News that Atlantic Yards developer Forest City Ratner had hired boutique New York firm SHoP to design the project’s arena (with Ellerbe Becket, whose “airplane hangar” design was widely derided, still on board to help with specifics) broke yesterday in the New York Observer. I like the work of SHoP, one of those contemporary youngish firms not mentioned in Nicolai Ouroussoff’s odd dismissal of the local architecture scene in the Times last week (a piece subsequently denounced on Design Observer). They’ve built a couple of interesting textured condominiums in New York and their academic building for FIT looks at least as bold as Thom Mayne’s new Cooper Union on a quirky, skinny site (helpful Curbed slideshow here). They are from New York and having had their Google project put on hold, their South Street Seaport redesign bankrupted, they are probably ready to focus on Flatbush and Atlantic Avenue.
But this is no reason to celebrate. How dumb does Bruce Ratner think we are? The original Frank Gehry arena looked better than the Ellerbe Becket arena and the SHoP arena will too, I have no doubt, but what the protracted development process should have taught us, as afforable housing was pushed into the distant future, office towers disappeared and everything but that arena faded into a crinkled titanium mist, is that no arena is the best choice of all. Gehry was brought in by Ratner to sell this massive, underplanned and overbuilt project to people like me, Brooklynites with a design sensibility and an eye on the borough’s cultural renaissance. I bought it, sort of, when I wrote “New Improved Brooklyn” way back in 2004. Ouroussoff’s first review of the project made it sound as if we should be grateful. But as the years have gone by, Gehry began to seem more and more like window-dressing, an upper-middle-class pitchman and then he was gone. With him left most of the community benefits trumpeted at the first rounds of public hearings.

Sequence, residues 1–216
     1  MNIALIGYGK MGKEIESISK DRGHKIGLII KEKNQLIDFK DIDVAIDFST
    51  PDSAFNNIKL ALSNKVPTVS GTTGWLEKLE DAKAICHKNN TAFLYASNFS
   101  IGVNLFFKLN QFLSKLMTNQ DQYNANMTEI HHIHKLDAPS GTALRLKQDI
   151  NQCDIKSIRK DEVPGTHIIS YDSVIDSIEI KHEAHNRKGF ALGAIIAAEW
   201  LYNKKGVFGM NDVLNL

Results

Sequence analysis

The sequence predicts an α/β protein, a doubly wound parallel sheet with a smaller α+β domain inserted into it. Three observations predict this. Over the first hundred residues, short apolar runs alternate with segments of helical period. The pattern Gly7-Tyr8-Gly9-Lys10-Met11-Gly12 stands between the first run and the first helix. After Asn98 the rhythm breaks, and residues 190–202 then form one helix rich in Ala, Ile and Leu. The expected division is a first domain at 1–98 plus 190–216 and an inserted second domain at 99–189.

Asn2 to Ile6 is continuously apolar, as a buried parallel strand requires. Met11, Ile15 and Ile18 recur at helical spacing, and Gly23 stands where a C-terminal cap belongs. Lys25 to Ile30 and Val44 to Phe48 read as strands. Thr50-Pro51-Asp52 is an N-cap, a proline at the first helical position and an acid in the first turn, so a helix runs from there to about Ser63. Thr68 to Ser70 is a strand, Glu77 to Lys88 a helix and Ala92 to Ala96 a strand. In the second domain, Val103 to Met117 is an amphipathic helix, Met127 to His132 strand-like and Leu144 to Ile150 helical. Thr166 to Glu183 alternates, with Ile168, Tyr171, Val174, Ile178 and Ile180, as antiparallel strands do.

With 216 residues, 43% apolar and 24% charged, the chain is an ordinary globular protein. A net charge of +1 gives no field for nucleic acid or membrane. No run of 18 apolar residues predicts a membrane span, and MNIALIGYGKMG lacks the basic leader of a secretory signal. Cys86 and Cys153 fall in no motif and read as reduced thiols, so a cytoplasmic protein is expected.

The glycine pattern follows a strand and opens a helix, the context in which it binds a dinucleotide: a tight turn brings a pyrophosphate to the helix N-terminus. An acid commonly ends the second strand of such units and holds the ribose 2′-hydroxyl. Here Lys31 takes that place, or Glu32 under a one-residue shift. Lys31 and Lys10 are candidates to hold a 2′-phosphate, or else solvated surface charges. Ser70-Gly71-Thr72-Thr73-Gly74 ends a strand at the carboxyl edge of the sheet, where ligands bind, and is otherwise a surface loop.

Without Gehry, I could suddently see what had perhaps been Ratner’s game all along: the arena and Brooklyn’s tallest building. I regret that I did not see it sooner (blame the utopianist in me). Gehry said he took the project because he had always wanted to plan a neighborhood and then did a terrible job, creating a walled wedge protecting a “public” park between Prospect Heights and Fort Greene. He isn’t a planner and based on their designs for the Seaport, I am not so sure SHoP is either. Putting an arena, however attractive, at that intersection, will create a huge traffic jam and offer little benefit to Brooklyn. We need a city authority, like the one for Battery Park, to take over the whole site and plan it right, bringing in the contemporary architects for specific projects and not handing it over to one designer or developer. Atlantic Yards is not a design problem, it is an urban problem and now a political problem. I look forward to seeing what SHoP does for the next round of public review, but we should all be way past being seduced by what the Barclays arena looks like.